In a county where we are committed to strong funding for schools and for a range of quality of life services (libraries, parks, senior centers), we must remain sensitive to the many folks on fixed incomes (particularly seniors, who outnumber public school students) or who are otherwise of limited means. Watching the public’s money as if it is my own may be considered conservative; I consider it responsible. Government spending that is not sufficiently constrained, and policies that are too restrictive, make it difficult to maintain the heterogeneous populace necessary to build a strong, welcoming, vibrant community.

Government should reflect the best of its citizenry, should lead by example, and should serve as a unifying force. I consistently remind staff that rules applied to private entities on matters from construction to erecting cell towers to land protection must be observed by county government as well.

My philosophy is further manifest in dozens of actions and initiatives I have pursued in office, as outlined in my other answers.

4. Plans for the Durham to Orange County light rail and enhanced bus service are underway at this time. What can the county do next to improve public transit?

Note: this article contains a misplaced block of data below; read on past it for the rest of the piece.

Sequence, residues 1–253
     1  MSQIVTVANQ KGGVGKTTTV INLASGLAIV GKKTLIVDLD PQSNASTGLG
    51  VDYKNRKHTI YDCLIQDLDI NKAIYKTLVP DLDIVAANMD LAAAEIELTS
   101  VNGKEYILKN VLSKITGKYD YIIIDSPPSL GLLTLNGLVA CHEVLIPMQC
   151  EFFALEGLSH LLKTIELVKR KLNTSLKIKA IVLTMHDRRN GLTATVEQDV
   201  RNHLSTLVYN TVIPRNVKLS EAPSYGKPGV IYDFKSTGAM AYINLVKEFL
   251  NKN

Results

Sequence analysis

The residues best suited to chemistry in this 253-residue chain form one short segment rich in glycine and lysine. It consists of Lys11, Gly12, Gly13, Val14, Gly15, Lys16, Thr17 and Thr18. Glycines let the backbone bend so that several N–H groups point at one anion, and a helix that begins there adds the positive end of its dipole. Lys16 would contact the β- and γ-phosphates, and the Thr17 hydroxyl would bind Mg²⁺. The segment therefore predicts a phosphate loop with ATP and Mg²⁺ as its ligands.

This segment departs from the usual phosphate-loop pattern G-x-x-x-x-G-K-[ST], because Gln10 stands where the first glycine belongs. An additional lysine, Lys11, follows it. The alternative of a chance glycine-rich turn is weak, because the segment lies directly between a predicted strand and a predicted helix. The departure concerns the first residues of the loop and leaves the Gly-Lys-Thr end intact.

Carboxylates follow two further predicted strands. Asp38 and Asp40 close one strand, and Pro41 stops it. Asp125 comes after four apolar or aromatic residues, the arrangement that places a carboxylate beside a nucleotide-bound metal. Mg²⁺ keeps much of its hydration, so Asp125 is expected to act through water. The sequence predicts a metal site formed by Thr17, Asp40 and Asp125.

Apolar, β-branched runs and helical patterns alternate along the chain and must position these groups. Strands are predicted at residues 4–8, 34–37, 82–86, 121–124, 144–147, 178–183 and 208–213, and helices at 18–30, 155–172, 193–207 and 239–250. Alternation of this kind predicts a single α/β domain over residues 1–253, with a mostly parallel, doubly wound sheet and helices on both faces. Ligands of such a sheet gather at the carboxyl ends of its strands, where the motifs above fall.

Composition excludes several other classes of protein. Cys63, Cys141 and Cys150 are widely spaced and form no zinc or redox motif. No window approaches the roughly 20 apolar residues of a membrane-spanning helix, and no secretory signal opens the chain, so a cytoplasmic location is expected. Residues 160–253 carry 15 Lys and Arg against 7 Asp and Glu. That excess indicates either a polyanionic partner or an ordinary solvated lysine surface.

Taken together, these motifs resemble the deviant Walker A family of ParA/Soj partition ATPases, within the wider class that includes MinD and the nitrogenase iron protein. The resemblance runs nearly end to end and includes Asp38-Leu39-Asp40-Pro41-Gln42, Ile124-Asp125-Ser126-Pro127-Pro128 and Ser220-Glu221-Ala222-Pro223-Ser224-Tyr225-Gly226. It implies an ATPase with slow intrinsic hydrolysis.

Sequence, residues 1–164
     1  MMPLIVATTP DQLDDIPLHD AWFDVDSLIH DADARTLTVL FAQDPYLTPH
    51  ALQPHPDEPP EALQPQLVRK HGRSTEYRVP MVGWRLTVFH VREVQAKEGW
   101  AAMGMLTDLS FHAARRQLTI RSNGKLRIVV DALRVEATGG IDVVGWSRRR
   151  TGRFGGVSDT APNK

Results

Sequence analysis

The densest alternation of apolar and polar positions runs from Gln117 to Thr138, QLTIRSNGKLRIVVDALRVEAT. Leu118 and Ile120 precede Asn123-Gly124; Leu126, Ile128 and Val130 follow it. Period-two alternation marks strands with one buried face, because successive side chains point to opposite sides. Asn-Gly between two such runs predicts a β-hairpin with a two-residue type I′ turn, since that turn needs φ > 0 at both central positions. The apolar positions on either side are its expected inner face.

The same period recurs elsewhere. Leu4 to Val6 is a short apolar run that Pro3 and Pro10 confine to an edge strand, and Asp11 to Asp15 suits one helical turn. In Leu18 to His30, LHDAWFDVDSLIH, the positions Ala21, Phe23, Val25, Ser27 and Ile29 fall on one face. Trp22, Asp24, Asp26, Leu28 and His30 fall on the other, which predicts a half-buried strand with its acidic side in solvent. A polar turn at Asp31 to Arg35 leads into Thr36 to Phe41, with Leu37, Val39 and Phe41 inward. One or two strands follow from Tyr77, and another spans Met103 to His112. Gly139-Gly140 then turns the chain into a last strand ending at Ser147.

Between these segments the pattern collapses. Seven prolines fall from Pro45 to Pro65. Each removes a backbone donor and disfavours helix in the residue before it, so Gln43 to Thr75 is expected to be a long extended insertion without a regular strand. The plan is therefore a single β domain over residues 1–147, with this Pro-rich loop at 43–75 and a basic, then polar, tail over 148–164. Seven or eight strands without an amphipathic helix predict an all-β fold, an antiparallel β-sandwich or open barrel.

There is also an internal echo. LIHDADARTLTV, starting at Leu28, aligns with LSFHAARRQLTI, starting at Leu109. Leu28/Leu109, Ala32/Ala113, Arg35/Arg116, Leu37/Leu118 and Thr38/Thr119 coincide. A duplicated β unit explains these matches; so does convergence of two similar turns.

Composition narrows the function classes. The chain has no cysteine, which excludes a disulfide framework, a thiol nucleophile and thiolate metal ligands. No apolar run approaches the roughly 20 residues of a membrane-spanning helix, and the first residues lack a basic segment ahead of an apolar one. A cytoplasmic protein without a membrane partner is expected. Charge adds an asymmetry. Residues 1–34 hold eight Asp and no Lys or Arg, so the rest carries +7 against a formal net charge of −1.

We are poised to proceed on a number of fronts. Now that residents, elected representatives and transportation professionals have articulated a vision approved by voters in Durham and Orange counties, we must persist in executing the regional plan. Those who opposed the tax referendum, even if they now profess support for mass transit, can be expected to continually raise objections and attempt to delay implementation. We should periodically review the plan in open meetings, building support and confidence, or make adjustments that better reflect changed circumstances.

We need to build the case for rail connection across the Triangle, taking advantage of advocacy by Research Triangle Park and new growth plans at Raleigh-Durham airport. That in turn should help rail advocates build momentum in Wake County. Environmental concerns will be at the forefront in routing light rail — including the choice of a path that least impacts New Hope Creek and a nearby wetland.

Meanwhile we should advance bus plans on multiple fronts. The county will support Chapel Hill transit in extending hours with a handsome portion of the tax revenue, including plans for bus rapid transit (BRT) on Martin Luther King Boulevard.

The BRT can in turn address the short- and long-term imperative to provide public transit linking the 68-bed UNC hospital in southern Hillsborough to Chapel Hill, as well as the delayed Carolina North development to the numerous housing options now being constructed in Hillsborough. More robust transit in that corridor can supplant large portions of single-passenger travel on I-40, reducing congestion and pollution.